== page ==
An $83M contract was signed on Friday by Chief Executive Officer, Guyana Water Incorporated, Nigel Niles and contractor, ASH Civil Engineering Works, Alvin Hanover, in Region Ten for the rehabilitation of the Kwakwani water treatment plant, according to a Government Information Agency (GINA) press release.
The old plant has been providing water to more than 3000 residents in the community but it had to be rehabilitated due to age and the increased population.
The project will be executed in three phases – rehabilitation of the current plant, installation of two kilometres of PVC distribution mains and installation of over 1500 household service connections – thereby eliminating the use of public stand pipes.
Minister of Housing and Water, Irfaan Ali in his address noted that during his last visit to the community in 2010, some critical issues were raised including the state of the water sector, primarily the distribution system and the water treatment plant.
“At that time we assured you that we would seek to have the necessary steps taken to find the resources within the national budget to execute this project,” Ali is quoted as saying.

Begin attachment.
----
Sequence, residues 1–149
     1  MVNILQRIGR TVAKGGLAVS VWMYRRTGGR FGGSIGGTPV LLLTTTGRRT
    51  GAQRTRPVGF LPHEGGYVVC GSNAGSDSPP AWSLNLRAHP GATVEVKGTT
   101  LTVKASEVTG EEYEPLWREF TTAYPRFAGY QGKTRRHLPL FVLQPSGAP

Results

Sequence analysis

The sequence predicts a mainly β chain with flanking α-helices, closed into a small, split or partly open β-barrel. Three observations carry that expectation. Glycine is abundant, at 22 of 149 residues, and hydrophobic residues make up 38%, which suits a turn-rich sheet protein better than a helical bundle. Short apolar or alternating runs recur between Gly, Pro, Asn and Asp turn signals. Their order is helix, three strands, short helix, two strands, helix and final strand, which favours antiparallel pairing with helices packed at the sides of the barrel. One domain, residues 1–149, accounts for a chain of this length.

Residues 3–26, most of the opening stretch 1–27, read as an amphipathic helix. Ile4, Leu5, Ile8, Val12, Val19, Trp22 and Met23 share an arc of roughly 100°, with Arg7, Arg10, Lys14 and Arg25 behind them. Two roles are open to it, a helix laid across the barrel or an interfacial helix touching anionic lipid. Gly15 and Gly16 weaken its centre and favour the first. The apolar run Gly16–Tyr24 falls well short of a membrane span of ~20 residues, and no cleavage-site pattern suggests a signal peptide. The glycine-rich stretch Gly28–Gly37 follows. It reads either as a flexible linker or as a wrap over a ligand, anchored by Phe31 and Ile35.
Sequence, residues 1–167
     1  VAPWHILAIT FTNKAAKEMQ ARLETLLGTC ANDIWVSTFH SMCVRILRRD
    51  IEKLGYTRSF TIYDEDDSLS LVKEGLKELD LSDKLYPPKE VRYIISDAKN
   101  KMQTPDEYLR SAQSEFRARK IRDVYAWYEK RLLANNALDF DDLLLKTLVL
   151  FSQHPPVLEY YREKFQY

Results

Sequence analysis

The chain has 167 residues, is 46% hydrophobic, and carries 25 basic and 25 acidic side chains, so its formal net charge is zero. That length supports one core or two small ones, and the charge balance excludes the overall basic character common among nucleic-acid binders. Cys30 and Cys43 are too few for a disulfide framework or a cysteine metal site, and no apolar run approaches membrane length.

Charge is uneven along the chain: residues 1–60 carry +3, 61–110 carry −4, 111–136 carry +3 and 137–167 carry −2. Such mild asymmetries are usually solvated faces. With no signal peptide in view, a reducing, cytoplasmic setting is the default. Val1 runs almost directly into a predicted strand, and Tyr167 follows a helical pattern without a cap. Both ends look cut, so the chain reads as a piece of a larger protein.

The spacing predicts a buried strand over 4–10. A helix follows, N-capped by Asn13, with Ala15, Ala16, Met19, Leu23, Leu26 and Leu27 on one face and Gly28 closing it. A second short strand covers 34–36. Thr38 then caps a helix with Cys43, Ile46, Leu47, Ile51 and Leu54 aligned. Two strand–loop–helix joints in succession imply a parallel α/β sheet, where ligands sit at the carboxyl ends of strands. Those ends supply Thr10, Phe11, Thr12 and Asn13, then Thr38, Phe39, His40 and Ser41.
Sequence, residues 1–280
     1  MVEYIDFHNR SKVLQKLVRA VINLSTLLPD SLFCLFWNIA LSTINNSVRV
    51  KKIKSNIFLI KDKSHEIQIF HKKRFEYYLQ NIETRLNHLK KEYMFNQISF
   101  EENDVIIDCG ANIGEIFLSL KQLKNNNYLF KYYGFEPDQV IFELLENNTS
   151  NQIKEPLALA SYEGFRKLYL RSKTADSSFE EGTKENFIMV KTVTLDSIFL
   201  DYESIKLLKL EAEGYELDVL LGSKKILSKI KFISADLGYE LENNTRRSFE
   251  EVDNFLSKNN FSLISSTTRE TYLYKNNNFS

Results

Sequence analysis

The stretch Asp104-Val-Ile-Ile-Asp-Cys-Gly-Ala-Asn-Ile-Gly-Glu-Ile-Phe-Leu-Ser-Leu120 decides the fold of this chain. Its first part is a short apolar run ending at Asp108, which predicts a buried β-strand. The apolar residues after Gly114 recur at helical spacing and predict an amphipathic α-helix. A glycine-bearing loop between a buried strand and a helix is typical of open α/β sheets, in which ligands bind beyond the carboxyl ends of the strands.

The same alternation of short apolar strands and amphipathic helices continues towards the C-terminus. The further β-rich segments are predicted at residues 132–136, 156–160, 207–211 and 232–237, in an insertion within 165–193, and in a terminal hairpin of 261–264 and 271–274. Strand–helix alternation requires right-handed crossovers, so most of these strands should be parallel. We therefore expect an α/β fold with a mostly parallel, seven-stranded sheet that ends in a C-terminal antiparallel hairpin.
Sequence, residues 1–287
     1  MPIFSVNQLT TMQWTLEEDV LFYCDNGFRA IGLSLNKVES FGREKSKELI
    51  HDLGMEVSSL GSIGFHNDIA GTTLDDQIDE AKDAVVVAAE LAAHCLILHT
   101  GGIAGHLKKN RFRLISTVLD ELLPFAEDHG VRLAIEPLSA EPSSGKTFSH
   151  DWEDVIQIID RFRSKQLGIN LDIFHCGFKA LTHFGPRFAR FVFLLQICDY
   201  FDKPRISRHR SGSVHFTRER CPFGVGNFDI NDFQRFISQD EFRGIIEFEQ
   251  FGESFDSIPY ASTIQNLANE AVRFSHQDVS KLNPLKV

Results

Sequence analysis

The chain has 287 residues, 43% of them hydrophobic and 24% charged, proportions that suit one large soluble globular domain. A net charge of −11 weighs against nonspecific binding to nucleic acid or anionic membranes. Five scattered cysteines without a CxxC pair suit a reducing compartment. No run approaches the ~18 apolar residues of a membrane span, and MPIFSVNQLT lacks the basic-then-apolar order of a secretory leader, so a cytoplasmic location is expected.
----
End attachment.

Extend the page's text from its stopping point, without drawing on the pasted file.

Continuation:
He emphasised that government believes that investment must be geared towards transforming the lives of people which will ultimately change society and also create opportunities; however no investment can be feasible or viable if it is not sustainable.
“We understand the peculiar circumstances of various communities across the country so for communities like these, viability in the first instance does not depend primarily on returns however, the cost of providing the service is severely affected by our own actions,” Ali pointed out, referring to wastage, destruction of infrastructure, and conservation.
He noted that across Guyana the government subsidises the operational cost of water by more than 65 percent and a lot of that cost goes towards energy consumption, so he urged residents to change how they utilize these services.
The release said further that the project does not include the installation of service meters, and in this regard the first approach is to educate the community on the proper usage of water, and conservation so that the system is sustainable.
He emphasised that while the investment would bring better quality and flow of water to the residents and does not have meters it becomes even more important that residents work towards changing their attitude, behaviour, and culture towards this social investment.
Meanwhile, the minister highlighted government’s investments in the water sector in Region 10 where over the last five years more than $700M has been invested while over the next five years Linden and its surrounding communities will see a further $3B being invested. Only recently, a US$12.3M contract was signed for the modernization of the Region 10 water distribution system.